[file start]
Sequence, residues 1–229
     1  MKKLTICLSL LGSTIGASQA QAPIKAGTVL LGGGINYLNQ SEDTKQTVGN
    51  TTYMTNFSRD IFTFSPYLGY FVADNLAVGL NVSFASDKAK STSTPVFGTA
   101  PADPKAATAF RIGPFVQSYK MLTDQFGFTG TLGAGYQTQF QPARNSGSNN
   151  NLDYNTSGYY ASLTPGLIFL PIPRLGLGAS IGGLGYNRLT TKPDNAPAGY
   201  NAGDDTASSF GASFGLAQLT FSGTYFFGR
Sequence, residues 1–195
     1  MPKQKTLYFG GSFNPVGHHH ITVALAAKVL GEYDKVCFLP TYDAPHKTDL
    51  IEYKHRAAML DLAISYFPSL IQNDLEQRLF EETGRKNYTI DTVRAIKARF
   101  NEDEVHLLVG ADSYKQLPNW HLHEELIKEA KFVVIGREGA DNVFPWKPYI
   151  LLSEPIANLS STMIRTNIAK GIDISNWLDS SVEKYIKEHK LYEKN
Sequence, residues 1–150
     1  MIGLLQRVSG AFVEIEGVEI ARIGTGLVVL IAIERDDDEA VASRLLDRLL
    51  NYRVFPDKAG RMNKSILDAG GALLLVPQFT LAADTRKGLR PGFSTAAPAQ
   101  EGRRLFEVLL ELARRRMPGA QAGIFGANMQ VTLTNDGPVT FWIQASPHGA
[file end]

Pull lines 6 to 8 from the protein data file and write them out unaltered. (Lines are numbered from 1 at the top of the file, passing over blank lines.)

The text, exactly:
   201  NAGDDTASSF GASFGLAQLT FSGTYFFGR
Sequence, residues 1–195
     1  MPKQKTLYFG GSFNPVGHHH ITVALAAKVL GEYDKVCFLP TYDAPHKTDL